Tuesday, February 28, 2006

Kenny, who was our mascot back in 2001, and the mascot at my Alma Mater, Concordia for a year after that, is now working on a Master's in Communications in London. He recently ended an email to me in a peculiar way.

Later man,

PS: I've been wanting to tell you I think too much of your social interaction is with teenage girls. Maybe not too much, but I can really tell you're around them A LOT. I guess my conclusion is that it's funny. You're funny. Not too funny, but funny nevertheless.
What did that MEAN? You think too much of your social interaction is with teenage girls? I don't get it.

Is it that I must act/think/have their kind of sense of humor or something psycho like that? What can I say? Occupational hazzard. If too many of them have wore off on me and I'm now some kid of mutant freak emotionally/socially I guess thats just the price I've had to pay.

Girls need appropriate relationships with men modeled for them. They need dad-figures. Some of them more than others. By no means am I so important or going to save the world or even save any of them.
"Studies show that the risk of juvenile delinquency, substance abuse, sexual abuse, early pregnancy and dropping out of high school is six times higher for children whose biological fathers are not part of their lives."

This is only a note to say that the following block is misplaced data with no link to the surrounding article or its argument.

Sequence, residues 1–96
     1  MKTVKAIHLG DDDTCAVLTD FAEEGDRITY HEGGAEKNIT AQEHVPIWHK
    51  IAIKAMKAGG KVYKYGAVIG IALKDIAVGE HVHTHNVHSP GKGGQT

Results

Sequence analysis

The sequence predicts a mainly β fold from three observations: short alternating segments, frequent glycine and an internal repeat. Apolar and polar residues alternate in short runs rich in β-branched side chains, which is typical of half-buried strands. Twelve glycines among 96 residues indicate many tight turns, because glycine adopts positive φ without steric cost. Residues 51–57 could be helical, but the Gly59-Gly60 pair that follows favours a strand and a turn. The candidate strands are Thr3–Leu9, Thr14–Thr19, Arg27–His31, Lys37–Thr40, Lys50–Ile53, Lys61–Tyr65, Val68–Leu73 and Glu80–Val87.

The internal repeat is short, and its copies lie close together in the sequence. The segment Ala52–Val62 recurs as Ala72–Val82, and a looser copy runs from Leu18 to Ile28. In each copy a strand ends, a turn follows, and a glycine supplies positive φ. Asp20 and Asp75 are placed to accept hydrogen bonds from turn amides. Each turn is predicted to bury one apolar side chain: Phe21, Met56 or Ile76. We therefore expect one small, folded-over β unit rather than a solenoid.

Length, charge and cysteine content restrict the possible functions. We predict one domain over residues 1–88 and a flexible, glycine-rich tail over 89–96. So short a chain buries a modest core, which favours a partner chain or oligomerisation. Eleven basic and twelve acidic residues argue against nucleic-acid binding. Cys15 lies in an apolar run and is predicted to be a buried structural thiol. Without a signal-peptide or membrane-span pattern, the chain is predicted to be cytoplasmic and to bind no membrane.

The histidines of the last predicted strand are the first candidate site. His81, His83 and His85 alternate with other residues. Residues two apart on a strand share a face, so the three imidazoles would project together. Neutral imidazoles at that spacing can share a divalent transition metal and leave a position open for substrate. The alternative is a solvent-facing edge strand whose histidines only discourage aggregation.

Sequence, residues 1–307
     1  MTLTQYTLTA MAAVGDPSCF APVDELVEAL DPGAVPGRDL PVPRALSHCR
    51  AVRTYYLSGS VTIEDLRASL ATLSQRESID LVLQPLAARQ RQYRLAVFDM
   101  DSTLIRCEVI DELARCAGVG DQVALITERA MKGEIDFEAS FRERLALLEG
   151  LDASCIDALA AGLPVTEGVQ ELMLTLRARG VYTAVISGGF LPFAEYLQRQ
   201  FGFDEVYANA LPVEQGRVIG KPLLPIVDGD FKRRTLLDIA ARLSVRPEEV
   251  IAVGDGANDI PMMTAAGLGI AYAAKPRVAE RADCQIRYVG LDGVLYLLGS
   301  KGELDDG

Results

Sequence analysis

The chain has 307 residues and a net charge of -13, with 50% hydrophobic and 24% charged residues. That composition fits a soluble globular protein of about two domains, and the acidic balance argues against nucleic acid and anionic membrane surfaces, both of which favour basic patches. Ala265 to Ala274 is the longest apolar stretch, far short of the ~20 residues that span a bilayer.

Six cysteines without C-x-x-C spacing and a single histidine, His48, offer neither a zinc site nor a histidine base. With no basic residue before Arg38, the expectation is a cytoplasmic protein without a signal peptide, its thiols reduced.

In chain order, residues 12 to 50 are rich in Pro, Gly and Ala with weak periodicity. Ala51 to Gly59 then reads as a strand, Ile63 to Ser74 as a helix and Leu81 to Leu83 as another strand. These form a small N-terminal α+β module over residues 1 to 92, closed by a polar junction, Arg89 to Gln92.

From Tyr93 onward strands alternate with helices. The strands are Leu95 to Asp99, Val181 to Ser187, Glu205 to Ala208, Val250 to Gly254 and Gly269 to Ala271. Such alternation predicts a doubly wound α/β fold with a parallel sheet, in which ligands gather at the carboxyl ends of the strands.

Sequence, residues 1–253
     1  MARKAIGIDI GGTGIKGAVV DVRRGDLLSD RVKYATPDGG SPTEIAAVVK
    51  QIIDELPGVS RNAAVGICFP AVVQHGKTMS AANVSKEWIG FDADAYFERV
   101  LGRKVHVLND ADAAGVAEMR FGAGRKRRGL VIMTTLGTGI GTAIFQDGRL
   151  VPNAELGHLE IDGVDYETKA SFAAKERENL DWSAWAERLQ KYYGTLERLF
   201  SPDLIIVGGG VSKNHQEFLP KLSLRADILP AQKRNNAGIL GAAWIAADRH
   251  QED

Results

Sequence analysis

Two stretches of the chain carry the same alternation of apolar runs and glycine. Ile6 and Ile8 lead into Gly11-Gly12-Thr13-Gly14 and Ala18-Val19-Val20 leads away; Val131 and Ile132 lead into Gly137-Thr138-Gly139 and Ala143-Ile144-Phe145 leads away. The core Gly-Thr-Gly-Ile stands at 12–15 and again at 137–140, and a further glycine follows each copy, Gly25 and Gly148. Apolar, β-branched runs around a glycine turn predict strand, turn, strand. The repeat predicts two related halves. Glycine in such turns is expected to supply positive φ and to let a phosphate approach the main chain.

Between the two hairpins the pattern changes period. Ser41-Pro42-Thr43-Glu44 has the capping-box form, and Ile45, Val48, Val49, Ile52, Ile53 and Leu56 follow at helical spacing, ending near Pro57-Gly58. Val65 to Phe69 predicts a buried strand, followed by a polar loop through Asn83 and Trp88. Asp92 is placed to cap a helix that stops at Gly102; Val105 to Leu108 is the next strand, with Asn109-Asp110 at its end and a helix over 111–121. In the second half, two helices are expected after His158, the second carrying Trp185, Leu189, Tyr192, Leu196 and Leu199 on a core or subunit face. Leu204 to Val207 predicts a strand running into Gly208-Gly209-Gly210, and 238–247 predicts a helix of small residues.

I'm just a cog in God's machine. He's used them to prepare me to be able to withstand being the real dad to three of them and hopefully He's using me to make some small difference in their lives in the meantime.

Believe me, I hate melodrama and gossip and shopping and shoes as much as the next red-blooded, overweight, middle class, Midwestern, American heterosexual guy. Hell, give me a beer and a cigar and a big leather chair and dead animal heads on my walls. But, if spending so much time with them makes me some kind of a pseudo-adolecent or a neo-metrosexual or something, I guess that's the price I have to pay.

Click here if you're a decent dad who wants to make a difference in hid daughter's life:

Men Against Violence and Sexism: 10 things any dad can do

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